The pros and cons of using employees to promote your business on social media
Friday, October 4, 2013/
More and more businesses rely on social media to advertise their products and services. Many now use their employees to promote their businesses through their blogs, Twitter accounts, LinkedIn and on Facebook.
The pluses to this are great as it is essentially free advertising, having employees engage on another level with clients and to have employees more actively and directly involved in the promotion of the business. But beware: there are risks that go with the benefits.
1. Plus: Social Media can be inexpensive effective advertising
Employees are good ambassadors for promoting your business. They can give your business both personality and a human face.
Businesses have been using employees more and more as a means of promoting and advertising their products. They primarily do this through their personal social media accounts such as Facebook and LinkedIn. It has proven to have some great success and the benefits can be enormous. But you need to be aware of the potential problems with this.
2. Minus: Impact of social media personal accounts
For the benefits that businesses are seeing with their employees promoting the company through their social media accounts and interacting with clients, there are also potential negatives:
- Time wasted on social media for non-work, non-productive activity
- Inappropriate use of social media for personal negative comments such as defamation, harassment, etc causing reputational impact as well as other legal implications for the company.
Management of social media risks is becoming an increasingly critical area to maintain control over the numerous consequences that arise from the unrestricted and undefined use of social media by employees. But this is not the only major consideration that businesses have to deal with. It can get worse.
3. Problem: What happens when the employee leaves?
What do you do if your employee who is leaving your company has LinkedIn, Twitter and other personal social media accounts which they use to communicate with clients?
Who actually owns the account and the correspondence on the employee’s personal social media account?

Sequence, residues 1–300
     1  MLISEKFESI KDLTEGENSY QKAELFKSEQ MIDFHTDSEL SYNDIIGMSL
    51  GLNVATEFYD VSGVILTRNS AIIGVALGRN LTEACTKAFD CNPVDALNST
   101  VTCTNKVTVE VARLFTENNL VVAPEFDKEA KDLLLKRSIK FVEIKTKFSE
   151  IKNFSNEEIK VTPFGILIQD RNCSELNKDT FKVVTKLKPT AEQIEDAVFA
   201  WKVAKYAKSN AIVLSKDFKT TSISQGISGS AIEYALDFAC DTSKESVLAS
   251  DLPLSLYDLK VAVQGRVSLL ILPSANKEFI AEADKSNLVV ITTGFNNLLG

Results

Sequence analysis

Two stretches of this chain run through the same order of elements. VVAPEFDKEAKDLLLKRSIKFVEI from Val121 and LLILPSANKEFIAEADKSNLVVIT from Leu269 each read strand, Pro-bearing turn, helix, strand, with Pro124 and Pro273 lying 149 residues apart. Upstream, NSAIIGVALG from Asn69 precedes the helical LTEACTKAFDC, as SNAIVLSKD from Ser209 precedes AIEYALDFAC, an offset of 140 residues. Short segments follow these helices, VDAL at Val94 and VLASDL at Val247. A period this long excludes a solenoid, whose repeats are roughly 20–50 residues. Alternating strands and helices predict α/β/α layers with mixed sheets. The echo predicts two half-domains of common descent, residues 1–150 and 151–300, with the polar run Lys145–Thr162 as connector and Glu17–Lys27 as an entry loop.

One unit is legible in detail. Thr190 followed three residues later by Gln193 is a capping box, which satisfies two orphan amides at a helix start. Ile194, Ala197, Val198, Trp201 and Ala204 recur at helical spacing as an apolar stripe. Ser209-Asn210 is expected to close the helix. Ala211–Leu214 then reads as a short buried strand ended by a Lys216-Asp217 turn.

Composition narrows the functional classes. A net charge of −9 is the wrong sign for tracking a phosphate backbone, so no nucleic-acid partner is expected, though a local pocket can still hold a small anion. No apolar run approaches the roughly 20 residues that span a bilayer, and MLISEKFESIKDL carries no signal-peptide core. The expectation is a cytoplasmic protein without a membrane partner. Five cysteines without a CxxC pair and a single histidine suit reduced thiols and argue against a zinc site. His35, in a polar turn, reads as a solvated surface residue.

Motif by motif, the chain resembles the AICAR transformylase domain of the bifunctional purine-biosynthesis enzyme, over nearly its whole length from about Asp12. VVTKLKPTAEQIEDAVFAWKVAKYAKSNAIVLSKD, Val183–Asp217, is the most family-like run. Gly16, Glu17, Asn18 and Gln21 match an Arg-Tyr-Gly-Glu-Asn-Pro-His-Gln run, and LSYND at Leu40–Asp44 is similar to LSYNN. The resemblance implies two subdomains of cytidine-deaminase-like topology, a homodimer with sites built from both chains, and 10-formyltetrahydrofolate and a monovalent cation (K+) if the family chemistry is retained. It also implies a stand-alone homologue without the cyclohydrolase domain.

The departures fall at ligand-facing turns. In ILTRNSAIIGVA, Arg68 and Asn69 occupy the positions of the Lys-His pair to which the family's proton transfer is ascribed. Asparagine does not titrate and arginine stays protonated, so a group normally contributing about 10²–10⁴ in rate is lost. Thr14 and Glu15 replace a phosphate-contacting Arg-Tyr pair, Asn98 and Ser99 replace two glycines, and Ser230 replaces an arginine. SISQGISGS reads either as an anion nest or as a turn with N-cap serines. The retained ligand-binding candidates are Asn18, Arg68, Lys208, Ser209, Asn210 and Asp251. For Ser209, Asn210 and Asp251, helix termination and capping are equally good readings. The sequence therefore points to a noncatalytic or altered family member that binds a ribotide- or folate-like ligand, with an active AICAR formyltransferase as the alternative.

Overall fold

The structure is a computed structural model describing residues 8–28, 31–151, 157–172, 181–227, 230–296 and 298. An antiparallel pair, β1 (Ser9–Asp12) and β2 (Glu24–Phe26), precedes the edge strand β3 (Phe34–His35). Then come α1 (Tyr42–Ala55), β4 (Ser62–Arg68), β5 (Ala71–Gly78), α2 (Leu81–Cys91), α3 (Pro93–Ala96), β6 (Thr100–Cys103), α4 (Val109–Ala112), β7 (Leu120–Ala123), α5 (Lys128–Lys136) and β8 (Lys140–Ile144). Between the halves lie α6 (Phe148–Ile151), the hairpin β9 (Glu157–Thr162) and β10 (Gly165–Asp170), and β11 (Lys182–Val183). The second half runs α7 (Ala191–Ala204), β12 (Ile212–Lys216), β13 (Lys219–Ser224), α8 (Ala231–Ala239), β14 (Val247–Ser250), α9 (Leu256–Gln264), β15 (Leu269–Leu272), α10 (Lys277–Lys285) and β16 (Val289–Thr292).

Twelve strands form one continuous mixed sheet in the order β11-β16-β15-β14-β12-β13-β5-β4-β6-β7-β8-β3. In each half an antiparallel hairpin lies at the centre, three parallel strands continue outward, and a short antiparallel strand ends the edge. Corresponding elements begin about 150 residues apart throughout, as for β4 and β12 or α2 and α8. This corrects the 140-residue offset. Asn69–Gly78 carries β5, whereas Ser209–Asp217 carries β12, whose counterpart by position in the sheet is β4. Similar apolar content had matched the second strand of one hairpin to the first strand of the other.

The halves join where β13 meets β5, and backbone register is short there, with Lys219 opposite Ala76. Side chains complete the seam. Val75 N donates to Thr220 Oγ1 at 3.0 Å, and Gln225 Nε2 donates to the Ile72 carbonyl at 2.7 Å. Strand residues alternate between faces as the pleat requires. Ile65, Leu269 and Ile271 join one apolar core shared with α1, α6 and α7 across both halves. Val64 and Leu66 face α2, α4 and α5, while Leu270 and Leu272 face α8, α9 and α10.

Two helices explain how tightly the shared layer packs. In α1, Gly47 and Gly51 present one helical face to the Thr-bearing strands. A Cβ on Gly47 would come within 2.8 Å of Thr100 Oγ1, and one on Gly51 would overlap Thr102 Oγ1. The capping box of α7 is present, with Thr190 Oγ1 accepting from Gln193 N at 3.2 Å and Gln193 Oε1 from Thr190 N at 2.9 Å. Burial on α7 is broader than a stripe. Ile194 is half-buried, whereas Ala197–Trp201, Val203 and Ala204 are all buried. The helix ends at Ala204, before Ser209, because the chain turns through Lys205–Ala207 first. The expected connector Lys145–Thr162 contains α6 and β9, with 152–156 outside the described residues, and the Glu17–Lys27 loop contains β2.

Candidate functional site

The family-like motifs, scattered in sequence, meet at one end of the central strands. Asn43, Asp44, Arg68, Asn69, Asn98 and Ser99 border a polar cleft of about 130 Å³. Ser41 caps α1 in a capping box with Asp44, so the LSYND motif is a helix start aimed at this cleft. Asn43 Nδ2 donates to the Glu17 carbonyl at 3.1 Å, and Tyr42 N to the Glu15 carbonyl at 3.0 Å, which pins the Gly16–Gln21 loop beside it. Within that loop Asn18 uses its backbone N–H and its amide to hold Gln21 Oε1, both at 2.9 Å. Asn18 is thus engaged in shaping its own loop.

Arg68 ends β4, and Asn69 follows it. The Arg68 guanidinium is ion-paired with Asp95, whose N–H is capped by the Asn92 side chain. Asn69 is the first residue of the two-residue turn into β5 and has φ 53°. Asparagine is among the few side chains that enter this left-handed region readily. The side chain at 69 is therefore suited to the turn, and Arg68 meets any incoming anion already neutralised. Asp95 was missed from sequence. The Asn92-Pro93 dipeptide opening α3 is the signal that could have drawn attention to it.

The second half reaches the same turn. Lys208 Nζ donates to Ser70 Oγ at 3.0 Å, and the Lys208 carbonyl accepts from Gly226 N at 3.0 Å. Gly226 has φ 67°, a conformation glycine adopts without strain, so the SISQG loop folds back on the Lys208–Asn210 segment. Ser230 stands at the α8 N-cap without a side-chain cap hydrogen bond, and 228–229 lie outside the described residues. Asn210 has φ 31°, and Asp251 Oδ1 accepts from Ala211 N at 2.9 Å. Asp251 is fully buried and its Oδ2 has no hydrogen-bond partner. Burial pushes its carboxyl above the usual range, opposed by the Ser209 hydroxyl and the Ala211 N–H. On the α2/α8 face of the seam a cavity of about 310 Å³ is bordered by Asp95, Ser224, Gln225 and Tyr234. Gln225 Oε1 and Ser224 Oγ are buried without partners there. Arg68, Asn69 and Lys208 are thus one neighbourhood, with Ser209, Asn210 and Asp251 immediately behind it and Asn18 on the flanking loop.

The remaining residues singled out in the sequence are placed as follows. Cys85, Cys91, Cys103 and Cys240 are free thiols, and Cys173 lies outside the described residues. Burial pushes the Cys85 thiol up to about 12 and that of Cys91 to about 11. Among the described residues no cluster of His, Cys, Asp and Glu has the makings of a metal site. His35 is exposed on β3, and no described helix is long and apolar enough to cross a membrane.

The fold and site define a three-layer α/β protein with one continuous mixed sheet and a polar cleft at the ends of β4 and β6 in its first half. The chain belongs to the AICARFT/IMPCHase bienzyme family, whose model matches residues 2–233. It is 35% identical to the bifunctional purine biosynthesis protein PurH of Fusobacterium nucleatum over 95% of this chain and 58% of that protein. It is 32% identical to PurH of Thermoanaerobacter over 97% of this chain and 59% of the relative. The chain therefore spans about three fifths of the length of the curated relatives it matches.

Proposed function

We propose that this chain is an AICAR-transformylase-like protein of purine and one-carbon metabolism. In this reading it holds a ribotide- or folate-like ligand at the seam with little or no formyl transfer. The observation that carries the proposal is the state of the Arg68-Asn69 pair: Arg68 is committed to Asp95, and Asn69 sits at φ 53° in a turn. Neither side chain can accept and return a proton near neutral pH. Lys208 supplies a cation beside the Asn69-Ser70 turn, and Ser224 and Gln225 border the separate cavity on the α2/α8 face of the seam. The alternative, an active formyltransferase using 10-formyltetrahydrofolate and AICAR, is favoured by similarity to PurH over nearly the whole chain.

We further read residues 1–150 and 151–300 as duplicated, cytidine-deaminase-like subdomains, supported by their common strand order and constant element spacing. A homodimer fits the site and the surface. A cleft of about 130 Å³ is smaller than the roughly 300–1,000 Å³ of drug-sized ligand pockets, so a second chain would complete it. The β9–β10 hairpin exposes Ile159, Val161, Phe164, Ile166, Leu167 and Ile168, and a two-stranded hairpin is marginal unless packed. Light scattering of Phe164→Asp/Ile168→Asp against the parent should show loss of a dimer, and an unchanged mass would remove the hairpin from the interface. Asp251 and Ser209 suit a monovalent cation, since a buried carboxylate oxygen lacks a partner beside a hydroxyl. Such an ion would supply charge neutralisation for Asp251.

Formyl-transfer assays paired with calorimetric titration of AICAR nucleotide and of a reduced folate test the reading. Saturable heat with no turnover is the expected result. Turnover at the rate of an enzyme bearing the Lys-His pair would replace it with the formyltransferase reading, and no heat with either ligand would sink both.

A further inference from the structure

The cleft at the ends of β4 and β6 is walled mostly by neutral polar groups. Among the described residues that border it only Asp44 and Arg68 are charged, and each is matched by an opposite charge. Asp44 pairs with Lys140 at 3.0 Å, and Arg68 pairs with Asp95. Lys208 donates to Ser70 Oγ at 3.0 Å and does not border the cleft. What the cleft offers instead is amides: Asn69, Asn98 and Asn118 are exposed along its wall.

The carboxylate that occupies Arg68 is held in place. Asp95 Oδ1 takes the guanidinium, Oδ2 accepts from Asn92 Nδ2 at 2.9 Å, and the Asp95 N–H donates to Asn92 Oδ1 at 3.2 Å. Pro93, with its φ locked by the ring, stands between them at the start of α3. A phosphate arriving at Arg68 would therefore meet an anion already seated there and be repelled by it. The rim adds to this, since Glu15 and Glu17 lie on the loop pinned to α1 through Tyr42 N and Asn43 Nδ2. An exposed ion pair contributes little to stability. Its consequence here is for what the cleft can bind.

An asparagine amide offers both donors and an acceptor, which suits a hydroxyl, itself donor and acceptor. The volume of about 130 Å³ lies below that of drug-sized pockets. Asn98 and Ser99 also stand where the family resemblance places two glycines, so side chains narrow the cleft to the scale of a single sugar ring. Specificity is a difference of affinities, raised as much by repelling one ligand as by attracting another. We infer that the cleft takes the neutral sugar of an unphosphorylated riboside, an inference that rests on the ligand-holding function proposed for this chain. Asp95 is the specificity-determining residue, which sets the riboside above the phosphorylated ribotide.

These social media accounts often contain business information and client contacts. This is an increasing area of litigation with it being more difficult as the regulations have not yet caught up.
In addition, there has been very little to no judicial commentary in Australia regarding the ownership of social media accounts. There has always been clear law that client lists belong to employers when their employees leave the company but there is no clear direction of precedent cases either in Australia or other countries to follow.
It is now clearly under the microscope, with companies attempting to terminate employees for inappropriate comments about the company on social media but there has been no clear direction as yet and each has been determined on a case-by-case basis involving other external factors which sets no clear guidelines. So how can businesses minimize their risk?
Here is what businesses can do:
- Ensure you have a social media policy for work. Otherwise it’s difficult to show its use at work/during work hours (even excessive) as grounds for dismissal.
- The social media policy should define the scope of “acceptable use” and ownership of content. This means employers specify that any social media used during hours of or in the course of employment is owned by the employer and indicate that social media accounts are given up or terminated when the employee leaves the business.
- Ensure all your employees are aware of company policy in relation to social media and that they are enforced within the company.
And keep up with the latest developments – they, like social media, are a moving feast!